Faf makes explosive new Sandpapergate claim, but defends Smith, Bancroft

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Former South African captain Faf du Plessis has revealed the Proteas’ suspicions of Australia’s treatment of the ball during the infamous ‘Sandpapergate’ series went back well before the scandal was unearthed in Cape Town.

In his upcoming autobiography Faf: Through Fire, du Plessis writes that the team began to obsessively watch Australia in the field during the second Test of that series, after a fierce spell of reverse-swing from Mitchell Starc in the first Test inflamed their belief that something was amiss.

“During the first Test in Durban, the Australian pace attack had got the ball to reverse insanely,” du Plessis writes.

“Mitchell Starc claimed nine wickets and, although I regard him as one of the best proponents of reverse-swing bowling I have ever seen or faced, those deliveries in Durban were borderline unplayable.

“He would come in around the wicket with a badly deteriorated ball and get it to hoop past us.

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“Our balls had also reversed but not nearly as much as theirs.

“We suspected that someone had been nurturing the ball too much to get it to reverse so wildly, and we watched the second Test at St George’s through binoculars, so that we could follow the ball more closely while Australia was fielding.

“When we noticed that the ball was going to David Warner quite often – our changing room must have looked like a birdwatching hide as we peered intently through our binoculars.

“There was a visible difference between how Mitchell Starc got the ball to reverse in the first Test in Durban and the final Test in Johannesburg. We now know that there was an obvious reason for that.”

Steve Smith and David Warner were banned for 12 months over the incident in March 2018, while Cameron Bancroft, who was caught applying sandpaper to the ball, received a nine-month suspension.

Warner is still banned from any leadership role within the Australian cricket team.

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However, du Plessis also admitted to his and the Proteas’ own indiscretions with ball-tampering, including a much-publicised incident in Australia in late 2016 when he was caught using a mint to apply saliva to the ball.

Cameron Bancroft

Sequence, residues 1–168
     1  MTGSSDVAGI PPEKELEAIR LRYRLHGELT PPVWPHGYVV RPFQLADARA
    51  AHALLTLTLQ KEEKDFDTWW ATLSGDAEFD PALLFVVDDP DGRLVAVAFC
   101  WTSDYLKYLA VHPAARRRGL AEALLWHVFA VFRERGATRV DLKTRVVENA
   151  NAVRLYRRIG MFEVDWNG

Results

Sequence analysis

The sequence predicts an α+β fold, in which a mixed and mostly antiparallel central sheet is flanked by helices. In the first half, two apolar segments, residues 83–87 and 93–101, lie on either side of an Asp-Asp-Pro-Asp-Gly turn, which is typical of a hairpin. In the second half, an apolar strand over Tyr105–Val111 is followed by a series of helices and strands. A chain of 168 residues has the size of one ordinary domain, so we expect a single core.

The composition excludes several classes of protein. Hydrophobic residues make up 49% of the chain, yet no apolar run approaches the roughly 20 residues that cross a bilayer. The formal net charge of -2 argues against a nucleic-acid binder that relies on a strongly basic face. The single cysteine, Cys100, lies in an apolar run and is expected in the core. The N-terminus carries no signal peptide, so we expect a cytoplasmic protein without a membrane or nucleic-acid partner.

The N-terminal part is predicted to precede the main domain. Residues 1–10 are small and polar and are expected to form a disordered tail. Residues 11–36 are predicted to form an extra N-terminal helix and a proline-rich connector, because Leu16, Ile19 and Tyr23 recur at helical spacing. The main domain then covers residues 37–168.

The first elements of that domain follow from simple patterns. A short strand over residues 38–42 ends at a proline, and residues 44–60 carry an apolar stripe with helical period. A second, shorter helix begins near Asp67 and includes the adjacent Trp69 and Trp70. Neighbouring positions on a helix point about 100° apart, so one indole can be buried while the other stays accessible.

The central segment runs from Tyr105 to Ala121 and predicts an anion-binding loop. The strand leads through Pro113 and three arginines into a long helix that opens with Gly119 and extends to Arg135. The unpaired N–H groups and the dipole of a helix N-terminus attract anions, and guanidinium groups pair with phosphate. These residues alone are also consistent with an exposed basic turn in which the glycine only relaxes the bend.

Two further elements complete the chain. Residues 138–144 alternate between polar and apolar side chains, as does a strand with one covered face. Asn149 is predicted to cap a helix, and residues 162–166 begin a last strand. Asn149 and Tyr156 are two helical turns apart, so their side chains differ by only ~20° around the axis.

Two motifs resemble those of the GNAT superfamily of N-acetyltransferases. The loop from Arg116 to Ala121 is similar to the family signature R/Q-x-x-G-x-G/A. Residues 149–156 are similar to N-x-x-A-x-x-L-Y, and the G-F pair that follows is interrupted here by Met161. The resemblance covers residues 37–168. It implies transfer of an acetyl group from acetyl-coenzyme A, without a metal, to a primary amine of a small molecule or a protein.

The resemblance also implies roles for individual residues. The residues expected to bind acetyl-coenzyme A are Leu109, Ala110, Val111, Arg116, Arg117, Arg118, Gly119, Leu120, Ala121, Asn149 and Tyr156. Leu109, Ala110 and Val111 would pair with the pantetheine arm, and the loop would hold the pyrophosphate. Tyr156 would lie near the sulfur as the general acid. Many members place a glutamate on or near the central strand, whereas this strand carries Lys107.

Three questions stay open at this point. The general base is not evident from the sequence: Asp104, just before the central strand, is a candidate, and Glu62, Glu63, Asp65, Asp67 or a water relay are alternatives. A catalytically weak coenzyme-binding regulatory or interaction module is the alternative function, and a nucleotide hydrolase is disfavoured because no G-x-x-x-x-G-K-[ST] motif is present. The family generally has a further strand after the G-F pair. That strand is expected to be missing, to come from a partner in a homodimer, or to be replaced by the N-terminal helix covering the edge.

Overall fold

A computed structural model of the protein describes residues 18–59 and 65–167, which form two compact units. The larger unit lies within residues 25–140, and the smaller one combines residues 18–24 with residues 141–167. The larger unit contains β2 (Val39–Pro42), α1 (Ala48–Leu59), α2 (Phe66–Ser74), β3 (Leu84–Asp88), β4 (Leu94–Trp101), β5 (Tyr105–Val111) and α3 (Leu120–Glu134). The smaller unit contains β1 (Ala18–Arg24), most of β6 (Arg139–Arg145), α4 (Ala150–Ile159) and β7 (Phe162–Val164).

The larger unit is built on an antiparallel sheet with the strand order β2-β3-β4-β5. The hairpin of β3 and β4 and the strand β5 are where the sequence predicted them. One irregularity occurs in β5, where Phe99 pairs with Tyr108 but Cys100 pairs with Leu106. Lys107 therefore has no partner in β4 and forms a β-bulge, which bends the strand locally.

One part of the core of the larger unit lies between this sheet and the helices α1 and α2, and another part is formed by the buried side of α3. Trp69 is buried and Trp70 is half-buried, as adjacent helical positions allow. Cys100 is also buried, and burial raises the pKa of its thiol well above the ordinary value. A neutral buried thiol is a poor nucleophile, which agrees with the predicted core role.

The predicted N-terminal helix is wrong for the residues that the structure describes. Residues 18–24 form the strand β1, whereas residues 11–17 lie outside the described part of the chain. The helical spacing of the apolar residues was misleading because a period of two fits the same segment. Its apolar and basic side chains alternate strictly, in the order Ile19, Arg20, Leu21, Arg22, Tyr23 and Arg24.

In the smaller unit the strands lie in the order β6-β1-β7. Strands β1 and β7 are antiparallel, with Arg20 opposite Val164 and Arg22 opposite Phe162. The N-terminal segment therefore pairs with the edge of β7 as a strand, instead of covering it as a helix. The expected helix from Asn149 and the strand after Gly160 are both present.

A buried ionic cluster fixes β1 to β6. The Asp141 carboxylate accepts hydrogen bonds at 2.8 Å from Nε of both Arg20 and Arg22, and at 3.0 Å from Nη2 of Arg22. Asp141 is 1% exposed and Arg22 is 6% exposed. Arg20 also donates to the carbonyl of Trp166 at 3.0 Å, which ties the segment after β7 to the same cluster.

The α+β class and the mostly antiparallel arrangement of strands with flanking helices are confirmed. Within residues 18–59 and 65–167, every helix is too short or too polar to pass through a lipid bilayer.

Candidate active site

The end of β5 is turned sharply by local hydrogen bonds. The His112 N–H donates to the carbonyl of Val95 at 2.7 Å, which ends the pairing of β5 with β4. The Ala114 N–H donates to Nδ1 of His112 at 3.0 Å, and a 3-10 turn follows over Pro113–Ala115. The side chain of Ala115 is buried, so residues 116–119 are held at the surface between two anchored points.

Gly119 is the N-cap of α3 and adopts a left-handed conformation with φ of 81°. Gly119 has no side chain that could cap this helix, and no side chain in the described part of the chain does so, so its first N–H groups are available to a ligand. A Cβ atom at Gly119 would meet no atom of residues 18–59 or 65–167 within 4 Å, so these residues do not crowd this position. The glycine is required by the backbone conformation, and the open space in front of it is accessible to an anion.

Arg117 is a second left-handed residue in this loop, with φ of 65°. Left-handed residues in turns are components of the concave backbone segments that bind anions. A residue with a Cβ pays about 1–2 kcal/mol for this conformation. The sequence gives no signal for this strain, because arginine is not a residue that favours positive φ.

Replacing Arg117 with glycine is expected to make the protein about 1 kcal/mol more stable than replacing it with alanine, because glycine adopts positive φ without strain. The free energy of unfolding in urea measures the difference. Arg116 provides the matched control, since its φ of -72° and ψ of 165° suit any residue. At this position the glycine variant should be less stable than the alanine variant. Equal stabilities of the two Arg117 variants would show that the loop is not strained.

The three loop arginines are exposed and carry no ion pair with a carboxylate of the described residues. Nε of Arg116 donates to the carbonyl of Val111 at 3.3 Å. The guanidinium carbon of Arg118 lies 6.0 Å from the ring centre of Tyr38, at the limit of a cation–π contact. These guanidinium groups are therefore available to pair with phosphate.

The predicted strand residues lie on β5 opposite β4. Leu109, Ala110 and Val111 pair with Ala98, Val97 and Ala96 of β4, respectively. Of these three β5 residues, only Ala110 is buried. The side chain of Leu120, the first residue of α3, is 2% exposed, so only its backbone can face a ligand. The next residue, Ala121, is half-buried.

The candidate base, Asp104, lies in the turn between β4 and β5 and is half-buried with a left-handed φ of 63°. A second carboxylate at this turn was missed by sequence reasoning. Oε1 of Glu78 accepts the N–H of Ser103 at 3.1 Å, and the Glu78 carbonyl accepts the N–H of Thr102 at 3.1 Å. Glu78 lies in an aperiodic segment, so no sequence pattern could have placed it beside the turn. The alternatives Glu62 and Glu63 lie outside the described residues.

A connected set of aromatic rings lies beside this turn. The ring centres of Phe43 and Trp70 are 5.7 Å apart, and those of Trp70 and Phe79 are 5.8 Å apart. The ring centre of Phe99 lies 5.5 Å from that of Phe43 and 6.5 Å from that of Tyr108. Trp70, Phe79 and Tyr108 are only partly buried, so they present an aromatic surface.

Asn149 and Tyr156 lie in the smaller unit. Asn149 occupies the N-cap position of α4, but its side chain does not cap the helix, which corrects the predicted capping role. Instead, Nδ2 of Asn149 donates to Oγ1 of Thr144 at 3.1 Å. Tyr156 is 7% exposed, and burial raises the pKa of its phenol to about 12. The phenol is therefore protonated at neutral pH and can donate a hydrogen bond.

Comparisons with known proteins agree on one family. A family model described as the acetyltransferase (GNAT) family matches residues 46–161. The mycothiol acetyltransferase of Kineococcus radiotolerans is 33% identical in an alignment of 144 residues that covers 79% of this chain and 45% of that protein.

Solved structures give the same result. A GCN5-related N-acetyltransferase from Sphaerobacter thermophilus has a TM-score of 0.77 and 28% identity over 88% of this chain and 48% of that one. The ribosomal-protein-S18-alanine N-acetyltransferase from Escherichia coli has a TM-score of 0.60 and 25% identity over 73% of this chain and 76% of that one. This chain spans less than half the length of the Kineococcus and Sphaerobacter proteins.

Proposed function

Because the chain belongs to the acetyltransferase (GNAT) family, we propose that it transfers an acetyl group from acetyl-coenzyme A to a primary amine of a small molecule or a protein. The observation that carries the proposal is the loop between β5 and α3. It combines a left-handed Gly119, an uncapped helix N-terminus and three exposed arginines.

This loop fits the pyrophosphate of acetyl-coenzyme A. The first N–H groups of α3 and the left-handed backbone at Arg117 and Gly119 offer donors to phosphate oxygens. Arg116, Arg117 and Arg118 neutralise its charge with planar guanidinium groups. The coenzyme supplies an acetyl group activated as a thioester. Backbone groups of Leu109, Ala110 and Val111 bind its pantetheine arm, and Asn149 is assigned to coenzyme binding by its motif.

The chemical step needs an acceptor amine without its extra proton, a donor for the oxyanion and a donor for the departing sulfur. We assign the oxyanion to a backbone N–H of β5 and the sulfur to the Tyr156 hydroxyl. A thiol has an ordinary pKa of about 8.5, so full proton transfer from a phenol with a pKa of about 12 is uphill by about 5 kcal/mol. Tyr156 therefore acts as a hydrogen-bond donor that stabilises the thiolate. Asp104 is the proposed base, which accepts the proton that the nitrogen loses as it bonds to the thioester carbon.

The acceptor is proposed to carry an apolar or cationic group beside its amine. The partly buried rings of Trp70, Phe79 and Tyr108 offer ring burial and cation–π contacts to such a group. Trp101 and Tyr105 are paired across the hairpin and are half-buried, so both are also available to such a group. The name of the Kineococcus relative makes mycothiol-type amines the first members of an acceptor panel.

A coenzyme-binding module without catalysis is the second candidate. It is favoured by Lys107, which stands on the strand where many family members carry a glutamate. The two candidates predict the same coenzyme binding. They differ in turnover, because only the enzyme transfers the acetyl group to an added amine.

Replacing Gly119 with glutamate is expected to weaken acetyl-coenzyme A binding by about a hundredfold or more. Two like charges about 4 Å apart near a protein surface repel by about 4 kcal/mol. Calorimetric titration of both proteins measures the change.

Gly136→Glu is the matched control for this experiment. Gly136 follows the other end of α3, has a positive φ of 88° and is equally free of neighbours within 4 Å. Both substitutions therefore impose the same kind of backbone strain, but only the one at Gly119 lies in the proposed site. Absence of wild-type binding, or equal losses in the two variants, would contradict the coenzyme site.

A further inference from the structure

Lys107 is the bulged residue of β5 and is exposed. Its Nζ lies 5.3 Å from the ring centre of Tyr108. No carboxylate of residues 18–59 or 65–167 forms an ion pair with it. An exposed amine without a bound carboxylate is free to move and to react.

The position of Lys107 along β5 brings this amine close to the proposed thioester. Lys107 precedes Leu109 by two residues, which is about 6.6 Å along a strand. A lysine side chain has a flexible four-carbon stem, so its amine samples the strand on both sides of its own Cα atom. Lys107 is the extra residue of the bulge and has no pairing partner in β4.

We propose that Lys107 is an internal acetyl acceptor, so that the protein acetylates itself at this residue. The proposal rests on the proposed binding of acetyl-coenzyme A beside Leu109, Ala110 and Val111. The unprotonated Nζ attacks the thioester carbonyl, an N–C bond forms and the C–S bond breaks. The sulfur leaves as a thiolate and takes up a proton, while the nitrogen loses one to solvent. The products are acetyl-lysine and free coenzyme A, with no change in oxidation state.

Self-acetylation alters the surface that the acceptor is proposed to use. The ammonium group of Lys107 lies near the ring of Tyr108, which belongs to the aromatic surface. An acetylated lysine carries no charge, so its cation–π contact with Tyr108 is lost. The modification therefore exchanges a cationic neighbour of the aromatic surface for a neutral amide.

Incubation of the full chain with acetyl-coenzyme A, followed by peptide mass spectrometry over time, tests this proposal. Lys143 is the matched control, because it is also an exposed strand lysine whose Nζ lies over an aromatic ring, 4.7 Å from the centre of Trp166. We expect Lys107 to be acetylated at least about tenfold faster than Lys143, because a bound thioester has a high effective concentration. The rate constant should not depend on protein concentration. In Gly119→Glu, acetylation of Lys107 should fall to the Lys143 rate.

Cameron Bancroft of Australia talks to the umpire. (AP Photo/Halden Krog)

The 38-year old argued that Smith ‘didn’t do much wrong’, expressing ‘tremendous sympathy’ for Bancroft’s ordeal in particular.

Notably, du Plessis excluded Warner from this defence.

“I’m not mentioning this from atop a high horse. In the past, we have also been found guilty of employing unorthodox methods to get the ball to reverse swing,” du Plessis writes.

“In our team, we just thought, ‘Nah! Ball tampering and reverse swing have always been there.’ In fact, it was probably more prevalent when camera technology wasn’t as good as it is today.

“Personally, I don’t think Steve Smith did much wrong. It’s no secret that all cricket teams want the ball to reverse. Not everyone knows how to accomplish this, especially not inexperienced players. But everyone knows it’s wrong to change the condition of the ball. We, too, have pushed those boundaries.

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“Steve Smith and I have never been friends but we always played a hard game against each other, and Steve had been willing to defend me publicly in 2016 when ‘Mintgate’ broke.

“I texted him that evening [in Cape Town]: ‘Message of support. Gone through this myself. It is a terrible experience when they attack your character. Hang in there. It will blow over.’

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“He responded, ‘Thanks mate!’ To which I replied, ‘There will be a s–tstorm for a while. But stay strong.’

“I have tremendous sympathy for what he [Bancroft] went through. This is what happens in a team when the culture of belonging is restricted to performance and when players are made to believe that they need to prove themselves at any cost before they feel accepted.”

Du Plessis’ autobiography will be released on October 28.



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